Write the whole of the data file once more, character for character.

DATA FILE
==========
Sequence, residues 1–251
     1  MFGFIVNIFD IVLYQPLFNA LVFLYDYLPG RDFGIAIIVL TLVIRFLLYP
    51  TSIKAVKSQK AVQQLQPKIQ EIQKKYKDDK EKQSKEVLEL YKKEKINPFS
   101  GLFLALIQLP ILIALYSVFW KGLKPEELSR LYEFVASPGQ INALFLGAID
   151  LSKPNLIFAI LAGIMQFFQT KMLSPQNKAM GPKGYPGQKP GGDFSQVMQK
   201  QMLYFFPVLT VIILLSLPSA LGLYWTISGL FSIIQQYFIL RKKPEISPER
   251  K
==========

Sequence, residues 1–251
     1  MFGFIVNIFD IVLYQPLFNA LVFLYDYLPG RDFGIAIIVL TLVIRFLLYP
    51  TSIKAVKSQK AVQQLQPKIQ EIQKKYKDDK EKQSKEVLEL YKKEKINPFS
   101  GLFLALIQLP ILIALYSVFW KGLKPEELSR LYEFVASPGQ INALFLGAID
   151  LSKPNLIFAI LAGIMQFFQT KMLSPQNKAM GPKGYPGQKP GGDFSQVMQK
   201  QMLYFFPVLT VIILLSLPSA LGLYWTISGL FSIIQQYFIL RKKPEISPER
   251  K